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Letters to the Editor Aug. 02, 2011

Some may not look handicapped, but don’t assume that they aren’t

I’d like to reply to George Burr’s July 29 letter, “Some who use handicapped licenses don’t seem to need them”) regarding  disabled parking plates for people without limps.

Not everyone who has a handicap plate has a visible handicap. People with bad hearts and severe respiratory problems also have them.

Mr. Burr, I have a handicap plate. I have had it for 10 years. You may not see me limp so much now, because in the past year I have had both knees replaced. The hip is still a problem, but more sporadically. Arthritis is something that can be worse at varying times, especially when it is cold, wet and windy.

Being able to park close to the store is a blessing when it’s bad. It can mean the difference between getting everything you need, or only grabbing a couple most needed items because you hurt so much you have to quit and go home.

If you want to complain about this issue, how about those who park in handicapped zones who have no right — no plate or placard — who seem to think, “I'll only be a minute, it won't matter.”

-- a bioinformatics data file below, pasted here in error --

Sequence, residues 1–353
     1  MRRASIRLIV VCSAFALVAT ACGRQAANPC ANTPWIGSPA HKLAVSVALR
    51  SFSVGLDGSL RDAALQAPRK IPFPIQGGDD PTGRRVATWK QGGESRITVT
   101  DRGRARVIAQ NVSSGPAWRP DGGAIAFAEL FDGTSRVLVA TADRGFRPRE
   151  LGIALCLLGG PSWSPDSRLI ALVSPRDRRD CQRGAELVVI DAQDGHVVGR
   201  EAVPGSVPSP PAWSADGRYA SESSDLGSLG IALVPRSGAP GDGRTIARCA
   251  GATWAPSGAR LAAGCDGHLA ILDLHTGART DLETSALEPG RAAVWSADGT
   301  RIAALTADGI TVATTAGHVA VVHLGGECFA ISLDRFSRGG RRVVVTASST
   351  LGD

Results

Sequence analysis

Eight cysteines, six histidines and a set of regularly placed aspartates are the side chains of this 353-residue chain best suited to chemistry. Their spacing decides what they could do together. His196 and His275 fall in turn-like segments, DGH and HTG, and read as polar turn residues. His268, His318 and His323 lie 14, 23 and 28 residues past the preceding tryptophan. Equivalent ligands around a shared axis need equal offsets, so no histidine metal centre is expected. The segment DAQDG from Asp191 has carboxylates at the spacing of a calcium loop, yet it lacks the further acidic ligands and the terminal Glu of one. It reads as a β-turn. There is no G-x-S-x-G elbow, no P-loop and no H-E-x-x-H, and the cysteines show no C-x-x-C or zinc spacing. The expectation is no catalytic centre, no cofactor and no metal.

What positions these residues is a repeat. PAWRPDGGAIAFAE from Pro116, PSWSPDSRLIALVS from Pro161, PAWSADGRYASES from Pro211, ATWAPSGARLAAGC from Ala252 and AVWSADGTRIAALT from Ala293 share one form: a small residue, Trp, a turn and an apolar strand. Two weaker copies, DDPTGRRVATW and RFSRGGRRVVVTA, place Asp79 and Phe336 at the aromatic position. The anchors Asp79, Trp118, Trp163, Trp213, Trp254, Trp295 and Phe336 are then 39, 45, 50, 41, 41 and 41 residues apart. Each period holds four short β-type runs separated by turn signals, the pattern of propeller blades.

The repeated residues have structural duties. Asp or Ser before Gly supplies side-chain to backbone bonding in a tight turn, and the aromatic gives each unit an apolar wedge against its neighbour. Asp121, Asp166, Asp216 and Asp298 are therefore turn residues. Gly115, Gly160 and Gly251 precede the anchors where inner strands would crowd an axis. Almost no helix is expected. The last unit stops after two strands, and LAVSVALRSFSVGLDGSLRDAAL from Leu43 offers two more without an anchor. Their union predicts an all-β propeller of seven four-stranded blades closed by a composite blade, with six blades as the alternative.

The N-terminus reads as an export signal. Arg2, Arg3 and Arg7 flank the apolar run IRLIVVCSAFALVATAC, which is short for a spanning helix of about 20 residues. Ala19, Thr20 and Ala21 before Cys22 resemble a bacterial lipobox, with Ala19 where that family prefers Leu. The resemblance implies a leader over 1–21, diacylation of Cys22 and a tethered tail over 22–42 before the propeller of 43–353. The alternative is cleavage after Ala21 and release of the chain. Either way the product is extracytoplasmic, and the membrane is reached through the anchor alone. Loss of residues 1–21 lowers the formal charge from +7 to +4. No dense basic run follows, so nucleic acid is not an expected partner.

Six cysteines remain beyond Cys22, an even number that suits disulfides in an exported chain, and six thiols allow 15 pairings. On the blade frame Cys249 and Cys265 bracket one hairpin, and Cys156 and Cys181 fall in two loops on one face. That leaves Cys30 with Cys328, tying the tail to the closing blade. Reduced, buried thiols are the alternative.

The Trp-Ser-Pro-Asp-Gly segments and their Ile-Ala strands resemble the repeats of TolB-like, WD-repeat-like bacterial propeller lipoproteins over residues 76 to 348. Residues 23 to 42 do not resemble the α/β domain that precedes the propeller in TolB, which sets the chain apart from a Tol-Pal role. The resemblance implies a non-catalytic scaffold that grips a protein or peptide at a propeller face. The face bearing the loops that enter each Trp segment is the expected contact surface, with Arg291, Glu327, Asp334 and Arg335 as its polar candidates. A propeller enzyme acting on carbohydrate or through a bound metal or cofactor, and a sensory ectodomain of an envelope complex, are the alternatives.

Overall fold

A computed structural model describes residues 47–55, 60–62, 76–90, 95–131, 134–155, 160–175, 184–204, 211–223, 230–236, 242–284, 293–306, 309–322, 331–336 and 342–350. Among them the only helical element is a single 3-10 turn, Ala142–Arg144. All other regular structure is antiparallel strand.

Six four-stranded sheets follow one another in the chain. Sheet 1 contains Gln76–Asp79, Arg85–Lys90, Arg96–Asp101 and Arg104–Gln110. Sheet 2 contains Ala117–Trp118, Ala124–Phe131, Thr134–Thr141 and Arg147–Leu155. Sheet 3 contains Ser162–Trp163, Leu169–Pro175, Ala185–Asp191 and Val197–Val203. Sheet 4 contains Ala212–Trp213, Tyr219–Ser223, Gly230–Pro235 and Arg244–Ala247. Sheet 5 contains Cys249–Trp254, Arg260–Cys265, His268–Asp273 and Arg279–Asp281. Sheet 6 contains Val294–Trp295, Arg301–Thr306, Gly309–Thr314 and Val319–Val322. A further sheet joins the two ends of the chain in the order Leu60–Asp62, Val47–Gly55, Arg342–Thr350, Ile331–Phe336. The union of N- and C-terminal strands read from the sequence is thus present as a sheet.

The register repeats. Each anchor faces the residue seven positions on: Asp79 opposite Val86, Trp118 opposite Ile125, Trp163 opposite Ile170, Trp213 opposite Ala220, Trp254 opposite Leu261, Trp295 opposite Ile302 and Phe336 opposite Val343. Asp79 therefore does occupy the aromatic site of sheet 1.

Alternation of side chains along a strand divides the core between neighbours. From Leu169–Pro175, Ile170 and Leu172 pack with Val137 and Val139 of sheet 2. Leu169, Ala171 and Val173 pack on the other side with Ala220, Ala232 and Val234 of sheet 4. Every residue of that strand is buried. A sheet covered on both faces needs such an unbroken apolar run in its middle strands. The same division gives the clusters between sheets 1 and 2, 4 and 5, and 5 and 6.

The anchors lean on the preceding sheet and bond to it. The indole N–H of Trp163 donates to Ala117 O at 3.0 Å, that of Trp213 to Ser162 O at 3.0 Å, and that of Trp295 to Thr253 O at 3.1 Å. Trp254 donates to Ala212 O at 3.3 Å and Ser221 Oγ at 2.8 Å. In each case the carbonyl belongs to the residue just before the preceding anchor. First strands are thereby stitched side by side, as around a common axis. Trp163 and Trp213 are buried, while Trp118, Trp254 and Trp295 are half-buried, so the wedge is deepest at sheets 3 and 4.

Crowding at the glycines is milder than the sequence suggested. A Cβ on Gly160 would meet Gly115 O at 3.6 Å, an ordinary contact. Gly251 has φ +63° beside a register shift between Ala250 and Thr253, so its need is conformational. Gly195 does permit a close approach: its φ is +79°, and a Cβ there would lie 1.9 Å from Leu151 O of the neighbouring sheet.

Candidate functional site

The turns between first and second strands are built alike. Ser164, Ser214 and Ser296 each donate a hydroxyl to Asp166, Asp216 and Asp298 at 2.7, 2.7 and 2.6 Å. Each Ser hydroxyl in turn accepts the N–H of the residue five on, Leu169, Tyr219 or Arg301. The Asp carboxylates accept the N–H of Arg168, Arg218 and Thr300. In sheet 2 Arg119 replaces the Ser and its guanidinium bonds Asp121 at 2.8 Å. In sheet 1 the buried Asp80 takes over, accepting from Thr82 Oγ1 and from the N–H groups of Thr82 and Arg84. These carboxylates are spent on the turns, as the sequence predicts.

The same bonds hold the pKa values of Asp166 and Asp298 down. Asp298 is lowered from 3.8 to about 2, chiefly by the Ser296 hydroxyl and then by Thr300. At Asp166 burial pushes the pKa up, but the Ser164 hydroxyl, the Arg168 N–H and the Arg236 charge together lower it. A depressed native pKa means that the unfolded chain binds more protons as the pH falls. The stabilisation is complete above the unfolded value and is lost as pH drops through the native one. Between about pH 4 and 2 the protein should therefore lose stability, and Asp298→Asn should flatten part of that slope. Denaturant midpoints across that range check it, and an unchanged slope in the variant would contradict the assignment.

It mattered a lot to me a couple years ago on Christmas Eve, when I went to ShopSmart in severe pain from bone-on bone knees — when it was raining hard — and no handicapped spots were open — two of them occupied with cars with no plate or placard identifying them as eligible.

Now, whether or not I take a handicapped spot depends on how much pain I have. Pain control is difficult for me, because I am allergic to all arthritis meds, and  choose not to continually take heavy-duty controlled drugs on a regular basis.

So before you gripe about others, stop and realize that you don’t know their whole story. If your doctor refused to sign for you, I’m sorry — he must have felt you really did not need it!

Martha Williams

Crescent City

Niece with MS appears healthy, but shopping often exhausts her

Regarding George Burr’s July 29 letter, “Some who use handicapped licenses don’t seem to need them,” my niece in Fresno is a young mother who has a handicap parking permit.

She looks great, but has multiple sclerosis. Often she is exhausted after shopping. But she is not yet in a wheelchair.

People have remarked to her that she is young and healthy, “Why the permit?” She just smiles and says, “Hope you stay healthy.”

Maralou Ellis

Smith River

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